Is oatmeal fattening? The recent craze for low-carbohydrate diets has left many people with the false impression that any type of carbohydrate immediately packs on the pounds. However, the reality is that some forms of unprocessed carbohydrates may actually be beneficial. If you are wondering, “Is oatmeal fattening?” then look no further. This article will explain what really happens when you ingest oatmeal and teach you all the pros and cons of using oatmeal for weight loss.
How Does Oatmeal for Weight Loss Work?
Is oatmeal fattening? Most nutrition experts believe that it is not fattening. Oatmeal may be a carbohydrate, but this does not mean it has no place in a weight loss diet. This versatile grain can be served as rolled oats or cut into small pieces for quicker cooking. Almost all forms of oatmeal besides sugary pre-flavored instant oatmeal are excellent for weight loss. Oatmeal benefits weight loss in the following ways:
1. Low in Calories
The most basic way of determining is oatmeal fattening is to look at the calorie content. Calories are a measure of energy used to determine how much energy the human body can get from a food item. If a person eats less calories each day than they burn for energy, they will lose weight. This makes calorie counting one of the most effective ways of losing weight. Oatmeal can be an excellent low-calorie meal. One cup of oatmeal cooked with water just has 158 calories. This is significantly less calories than other popular breakfast foods like a bowl of sugary cereal or a plate of bacon and eggs.
2. Great Fuel For Workouts
Oatmeal consists of 66 percent carbohydrates, 17 percent protein, and 11 percent fat. This high carbohydrate food makes oatmeal the perfect pre-workout snack. The body uses carbohydrates as its primary source of fuel when doing intense exercise. A 2007 study by Edward Coyle found that people who at at least 200 grams of carbohydrates in the four hours before exercise had more endurance and could better cope with intense training.
3. Easy to Make
Another great perk of oatmeal is that it is very fast to make. One of the greatest reasons that people have trouble losing weight is convenience. When you are running late for school or work, it seems easier to grab some fast food or get a cookie from a vending machine. Oatmeal can easily be made in just a couple minutes if you have a microwave, and it is far healthier than most other quick and convenient options. This makes it an excellent option for busy people who still want to lose weight.
4. High in Fiber
One cup of cooked oatmeal contains 15 percent of your daily fiber. Indigestible fiber helps to push food through the gastrointestinal system, and it is linked to a variety of other health benefits like lower blood sugar, reduced chance of heart attacks, and reduced risk of colon cancer. According to some research by Harvard University, a high-fiber diet helps to encourage weight loss while reducing cardiovascular disease and diabetes. Oatmeal is a great way to get enough fiber each day.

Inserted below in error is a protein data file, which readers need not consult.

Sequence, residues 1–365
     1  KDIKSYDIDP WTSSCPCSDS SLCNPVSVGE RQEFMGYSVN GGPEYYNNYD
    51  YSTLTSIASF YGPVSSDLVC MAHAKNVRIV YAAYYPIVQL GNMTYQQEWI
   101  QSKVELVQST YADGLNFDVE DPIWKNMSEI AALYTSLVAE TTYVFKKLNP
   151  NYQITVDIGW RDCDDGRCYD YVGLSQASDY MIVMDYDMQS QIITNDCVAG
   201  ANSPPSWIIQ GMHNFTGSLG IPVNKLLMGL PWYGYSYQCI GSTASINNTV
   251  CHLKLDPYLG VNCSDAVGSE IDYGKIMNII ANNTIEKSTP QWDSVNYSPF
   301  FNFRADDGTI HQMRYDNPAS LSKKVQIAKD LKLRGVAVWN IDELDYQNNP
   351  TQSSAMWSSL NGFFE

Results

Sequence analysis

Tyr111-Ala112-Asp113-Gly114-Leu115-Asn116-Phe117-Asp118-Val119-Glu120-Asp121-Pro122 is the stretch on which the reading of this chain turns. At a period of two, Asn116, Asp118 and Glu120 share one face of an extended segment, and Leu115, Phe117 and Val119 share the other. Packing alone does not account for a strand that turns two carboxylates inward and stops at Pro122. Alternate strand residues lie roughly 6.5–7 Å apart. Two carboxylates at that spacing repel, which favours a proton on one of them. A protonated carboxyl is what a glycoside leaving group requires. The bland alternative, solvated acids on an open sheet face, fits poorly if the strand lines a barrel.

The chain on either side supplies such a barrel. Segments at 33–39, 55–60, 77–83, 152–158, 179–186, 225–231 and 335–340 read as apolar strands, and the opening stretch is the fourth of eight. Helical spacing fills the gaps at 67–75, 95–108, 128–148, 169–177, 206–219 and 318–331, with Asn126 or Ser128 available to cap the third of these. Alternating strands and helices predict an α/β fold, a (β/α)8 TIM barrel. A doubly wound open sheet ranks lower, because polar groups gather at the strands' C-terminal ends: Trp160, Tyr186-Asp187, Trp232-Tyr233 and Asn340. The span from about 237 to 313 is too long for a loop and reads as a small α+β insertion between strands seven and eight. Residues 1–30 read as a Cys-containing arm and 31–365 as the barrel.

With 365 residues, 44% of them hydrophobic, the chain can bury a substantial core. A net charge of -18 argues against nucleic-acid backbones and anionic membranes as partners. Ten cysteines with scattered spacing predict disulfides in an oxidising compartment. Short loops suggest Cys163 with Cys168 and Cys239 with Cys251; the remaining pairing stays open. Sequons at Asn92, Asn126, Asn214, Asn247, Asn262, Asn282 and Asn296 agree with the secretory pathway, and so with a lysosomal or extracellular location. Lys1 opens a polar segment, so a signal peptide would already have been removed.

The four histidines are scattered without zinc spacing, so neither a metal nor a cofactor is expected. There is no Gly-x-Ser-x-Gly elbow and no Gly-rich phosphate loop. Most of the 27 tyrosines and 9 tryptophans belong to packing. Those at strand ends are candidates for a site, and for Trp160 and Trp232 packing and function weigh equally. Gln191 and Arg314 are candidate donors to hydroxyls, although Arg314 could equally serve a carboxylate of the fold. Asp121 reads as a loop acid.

5. Keeps You Feeling Full
Because it is so full of fiber, oatmeal has a unique effect on satiety. In 2015, researchers from the New York Nutrition Obesity Research Center wanted to figure out “Is oatmeal fattening?” They did a study where participants ate the same amount of oatmeal or corn flakes for breakfast each morning. Oatmeal was not emptied from the stomach as quickly as cornflakes, so subjects stayed full for longer. They actually ended up eating 50% less at lunch after a breakfast of cornflakes.
Oatmeal can, therefore, help weight loss by encouraging you to eat less without feeling starved. Furthermore, did you know that oatmeal is a thermogenic food? You literally burn fat as you’re eating it.
How to Use Oatmeal for Weight Loss
Because it is so filling, many people find that oatmeal is a great way to start their day. Eating it as a hot cereal keeps people feeling full for hours, so they do not snack on junk food between meals. To make oatmeal into a hot cereal, all you need to do is mix it with water and heat it. Rolled oats use a ratio of two parts water to one part oats while steel-cut oats use a ratio of four parts water to one part oats. Rolled oats are done in just five to ten minutes while steel-cut oats are done in about a half hour.
Cereal is the most common method of eating oats, but it can also be an excellent substitute for unhealthy grains. You will not need to worry whether is oatmeal fattening when you use it as a crunchy breading on top of a casserole or a filler in a meatloaf. One cup of dry oatmeal contains 100 fewer calories than a cup of flour, so it can be an excellent low-calorie substitute.
A Word of Caution About Oatmeal
Oatmeal might have many benefits for weight loss, but keep in mind that improper usage may make a person gain weight. You do need to keep general calorie counts in mind. If you are eating more calories than your body burns, you will gain weight, even if the calories come from something healthy like oatmeal. Oatmeal may also stall weight loss progress if you top it with a lot of sugar, cream, or other fattening foods.
The truth is that oatmeal is not fattening, but too much can upset your stomach. Because oatmeal contains so much fiber, it is also wise to remember that excessive fiber may cause gastrointestinal upset. Until your gastrointestinal system gets used to processing more fiber, you may have some bloating and gas. You also need to remember to drink enough water because excessive fiber may otherwise result in constipation.
The answer to “Is oatmeal fattening” is a resounding “no.” Oatmeal is a valuable weight loss tool because it is very filling and nutrient rich. It can keep you from craving unhealthy foods and ensure that your body is digesting other foods correctly. To get the weight loss benefits of oatmeal, enjoy it as a plain bowl of hot cereal or add it to baked goods and casseroles.